La Vie de Normandie at Huard

If I had the option of bringing K&L customers to visit one spirits producer in the world, one place where I thought the entire package experience would truly astound them, that place would be Michel Huard in France’s Calvados region. Why there and not some tiny distillery in the Scottish Highlands, or some rustic moonshiner out in the backwoods of Kentucky? Because you truly get a perspective on a way of life when you visit Huard, not just a simple lesson in apple brandy production, or a quaint little side-stop on a drive through nearby Caligny. Huard is a fully-functioning Norman farm that happens to distill a little apple brandy from time to time. They have cows, they make cider, they enjoy the country air, and they eat wonderful, wonderful food. I can’t think of another producer where the full French experience is as pure and joyous as it is here. But that has as much to do with the people who run the place, as it does the quality and beauty of their operation.

Jean-François Guillouet is the man running the show these days at Michel Huard. He’s not only well-dressed and good-looking, he’s making some of the best Calvados in the region today. His attention to detail is truly admirable and the efforts are palpable when you taste his brandies. They have richness and depth, but never at the expense of the fruit. There’s a refined balance in the Huard Calvados that is the result of sheer dedication to proven, traditional methods of production. When you like the person making the product as much as the product itself, everything seems to taste that much better.

It can surprise customers when I tell them that many of their favorite French "distillers" don't actually own a still or a distillery per se. Many Armagnac and Calvados producers are simply farmers who grow a number of different crops, fruit being one of them. When it's time to actually distill the fermented cider at Huard, Jean-François calls up Pierre who drives his still over on a flatbed and feeds the wood-burning fire himself while monitoring the process, a cigarette dangling from his lower lip as he fuels the oven. It's exactly the type of idyllic scene that larger industrial distillers today are attempting to present in order to appear more down-home traditional to visitors, but at Huard it's simply the way things are. We were lucky enough to be there on a day when distillation was occurring. 

Pierre also does distillation for a number of other Calvados producers, cutting the heads and tails manually when the spirit became too course for taste. We were able to dip a glass directly into the heart and sample some fresh spirit right off the still. I was there with my long-time friend Charles Neal (pictured in blue), who works as the importer for Huard and helps us with a number of our other directly-purchased French spirits.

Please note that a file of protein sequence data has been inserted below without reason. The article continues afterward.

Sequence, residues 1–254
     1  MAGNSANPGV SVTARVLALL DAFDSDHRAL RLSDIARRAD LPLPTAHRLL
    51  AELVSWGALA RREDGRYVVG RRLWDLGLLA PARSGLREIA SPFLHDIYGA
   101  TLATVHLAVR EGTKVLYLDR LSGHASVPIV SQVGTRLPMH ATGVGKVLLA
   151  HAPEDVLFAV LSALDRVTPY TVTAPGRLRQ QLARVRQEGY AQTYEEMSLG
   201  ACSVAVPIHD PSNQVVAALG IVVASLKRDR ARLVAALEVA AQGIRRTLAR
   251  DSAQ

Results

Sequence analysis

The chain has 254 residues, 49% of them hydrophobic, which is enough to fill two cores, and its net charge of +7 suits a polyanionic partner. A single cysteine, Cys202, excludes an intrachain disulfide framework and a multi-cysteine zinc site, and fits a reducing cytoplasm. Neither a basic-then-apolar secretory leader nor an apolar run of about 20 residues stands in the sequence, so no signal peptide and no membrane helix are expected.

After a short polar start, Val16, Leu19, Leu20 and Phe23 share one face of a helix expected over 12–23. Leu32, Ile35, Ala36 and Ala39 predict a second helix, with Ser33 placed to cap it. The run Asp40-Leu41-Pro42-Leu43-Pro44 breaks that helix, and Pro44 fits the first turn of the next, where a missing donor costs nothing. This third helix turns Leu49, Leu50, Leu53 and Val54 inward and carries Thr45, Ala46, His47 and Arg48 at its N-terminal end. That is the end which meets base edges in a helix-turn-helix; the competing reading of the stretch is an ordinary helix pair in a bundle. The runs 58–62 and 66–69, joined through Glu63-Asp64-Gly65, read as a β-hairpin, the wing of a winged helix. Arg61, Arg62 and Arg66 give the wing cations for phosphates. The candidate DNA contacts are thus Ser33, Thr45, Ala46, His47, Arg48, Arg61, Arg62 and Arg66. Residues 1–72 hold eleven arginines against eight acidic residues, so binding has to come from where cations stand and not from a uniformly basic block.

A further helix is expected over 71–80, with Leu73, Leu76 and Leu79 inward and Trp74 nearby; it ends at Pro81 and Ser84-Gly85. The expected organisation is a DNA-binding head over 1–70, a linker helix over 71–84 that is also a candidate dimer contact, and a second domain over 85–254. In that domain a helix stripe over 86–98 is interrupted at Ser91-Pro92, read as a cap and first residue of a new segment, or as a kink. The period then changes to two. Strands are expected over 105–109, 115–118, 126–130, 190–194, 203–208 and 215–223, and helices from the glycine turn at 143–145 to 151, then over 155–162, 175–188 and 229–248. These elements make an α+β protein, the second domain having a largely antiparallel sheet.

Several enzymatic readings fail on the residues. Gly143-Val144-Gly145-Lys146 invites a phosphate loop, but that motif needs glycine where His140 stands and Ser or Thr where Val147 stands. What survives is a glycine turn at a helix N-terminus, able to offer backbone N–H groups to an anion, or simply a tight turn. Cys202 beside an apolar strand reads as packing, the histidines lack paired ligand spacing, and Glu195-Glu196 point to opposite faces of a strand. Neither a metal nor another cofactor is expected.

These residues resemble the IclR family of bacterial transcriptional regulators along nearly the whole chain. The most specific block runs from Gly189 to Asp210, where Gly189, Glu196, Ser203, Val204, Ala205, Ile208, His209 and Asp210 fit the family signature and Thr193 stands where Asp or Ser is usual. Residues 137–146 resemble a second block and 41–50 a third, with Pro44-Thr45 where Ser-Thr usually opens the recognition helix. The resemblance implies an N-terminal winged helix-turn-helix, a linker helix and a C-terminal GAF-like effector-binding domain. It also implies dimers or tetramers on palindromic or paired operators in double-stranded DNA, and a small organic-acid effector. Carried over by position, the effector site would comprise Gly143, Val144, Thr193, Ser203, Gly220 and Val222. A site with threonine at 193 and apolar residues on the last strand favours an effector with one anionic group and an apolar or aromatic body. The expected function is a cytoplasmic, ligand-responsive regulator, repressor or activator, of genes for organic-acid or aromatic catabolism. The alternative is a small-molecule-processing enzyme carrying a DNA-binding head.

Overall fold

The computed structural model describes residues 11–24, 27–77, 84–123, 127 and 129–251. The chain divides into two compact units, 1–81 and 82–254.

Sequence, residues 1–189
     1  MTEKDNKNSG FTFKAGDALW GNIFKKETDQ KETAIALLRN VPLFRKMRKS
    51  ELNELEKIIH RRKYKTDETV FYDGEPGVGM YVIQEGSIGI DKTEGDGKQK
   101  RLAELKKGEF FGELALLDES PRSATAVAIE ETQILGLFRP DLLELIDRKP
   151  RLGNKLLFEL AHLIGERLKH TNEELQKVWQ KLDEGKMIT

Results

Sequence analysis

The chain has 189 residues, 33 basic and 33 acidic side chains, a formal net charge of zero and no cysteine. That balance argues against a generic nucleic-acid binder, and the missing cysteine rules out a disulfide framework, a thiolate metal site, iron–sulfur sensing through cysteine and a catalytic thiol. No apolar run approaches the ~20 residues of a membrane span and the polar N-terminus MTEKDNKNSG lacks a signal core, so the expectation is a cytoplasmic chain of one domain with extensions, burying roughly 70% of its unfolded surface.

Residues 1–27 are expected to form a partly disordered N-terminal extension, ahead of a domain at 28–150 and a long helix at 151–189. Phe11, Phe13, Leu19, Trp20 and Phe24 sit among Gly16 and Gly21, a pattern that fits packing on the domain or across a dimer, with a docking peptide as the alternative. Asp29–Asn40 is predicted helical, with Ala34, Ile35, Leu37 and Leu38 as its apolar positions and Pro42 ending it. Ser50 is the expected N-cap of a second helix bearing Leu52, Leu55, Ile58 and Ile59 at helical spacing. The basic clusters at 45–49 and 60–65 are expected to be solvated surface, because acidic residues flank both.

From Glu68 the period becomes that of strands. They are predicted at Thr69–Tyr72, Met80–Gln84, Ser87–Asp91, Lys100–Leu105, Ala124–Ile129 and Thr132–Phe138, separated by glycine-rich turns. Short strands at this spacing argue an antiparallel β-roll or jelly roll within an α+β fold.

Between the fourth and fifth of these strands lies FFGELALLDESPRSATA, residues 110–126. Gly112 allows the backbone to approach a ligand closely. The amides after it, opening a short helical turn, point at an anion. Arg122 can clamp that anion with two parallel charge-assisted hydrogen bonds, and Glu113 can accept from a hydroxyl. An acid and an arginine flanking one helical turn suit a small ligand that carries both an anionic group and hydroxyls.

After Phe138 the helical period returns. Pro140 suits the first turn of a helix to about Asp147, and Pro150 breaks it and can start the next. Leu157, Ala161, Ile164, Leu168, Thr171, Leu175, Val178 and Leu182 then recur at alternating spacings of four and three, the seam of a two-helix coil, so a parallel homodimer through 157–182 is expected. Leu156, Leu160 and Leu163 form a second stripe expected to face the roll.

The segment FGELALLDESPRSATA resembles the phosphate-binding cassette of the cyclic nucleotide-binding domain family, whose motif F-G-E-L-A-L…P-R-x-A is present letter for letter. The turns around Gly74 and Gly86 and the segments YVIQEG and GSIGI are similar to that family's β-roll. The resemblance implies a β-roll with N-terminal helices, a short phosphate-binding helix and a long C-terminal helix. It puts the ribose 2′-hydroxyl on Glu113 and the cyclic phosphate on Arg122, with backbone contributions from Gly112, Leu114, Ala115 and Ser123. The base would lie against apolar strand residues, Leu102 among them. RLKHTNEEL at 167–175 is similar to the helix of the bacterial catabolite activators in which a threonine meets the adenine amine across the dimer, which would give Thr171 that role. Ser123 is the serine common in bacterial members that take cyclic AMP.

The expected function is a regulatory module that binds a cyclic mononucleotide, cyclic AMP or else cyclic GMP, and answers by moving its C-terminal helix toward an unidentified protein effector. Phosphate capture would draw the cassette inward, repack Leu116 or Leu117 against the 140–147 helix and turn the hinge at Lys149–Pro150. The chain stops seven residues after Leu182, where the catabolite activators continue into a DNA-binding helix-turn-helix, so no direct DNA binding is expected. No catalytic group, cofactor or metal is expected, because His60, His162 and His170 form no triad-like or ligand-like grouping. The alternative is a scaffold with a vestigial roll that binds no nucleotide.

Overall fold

Jean-François's mother was also at the estate today to give us a hand, as was Camille Rabache who helps run things around the production center. We were prepping some red potatoes to throw on the barbecue for lunch when Camille realized one was oddly shaped just like a heart. There's nothing but love going into those brandies!


While the ladies helped prep the food, Charles, Jean-François and I headed into the barrel room to try our hand at a little blending. Huard has a number of fantastic single vintage expressions on hand and we carry them at K&L whenever they're available. Our goal, however, was to see if we could combine some of them into a custom blend that we could offer as an entry level expression for newcomers to the genre. I think we got close to a winner.

After a full-scale Calvados experience we sat down for le petit dejeuner, complete with Huard pommeau—somewhat like a Norman pineau des charentes that combines fresh apple juice with Calvados to create something slightly sweet that's a bit lower in proof at 17% ABV. Served cold it makes a fantastic aperitif. 

We dined on terrine, pâté, and sausage before moving into grilled steak with roasted potatoes. Dessert was a divine apple tart with a glass of Calvados. "Ça va?" Camille asked me as I finished my last bite. "C'est comme une reve," I answered. Eating and drinking at Huard really is like a dream for spirited fans of food and drink. It's the bucolic French countryside, the picturesque petit producteur, and the dusty old warehouse full of delicious barrel-aged spirits that you've always dreamed of, hosted by a wonderful group of people that are every bit as nice as their Calvados is delicious. I'm not sure it gets any better than this.

-David Driscoll

David Driscoll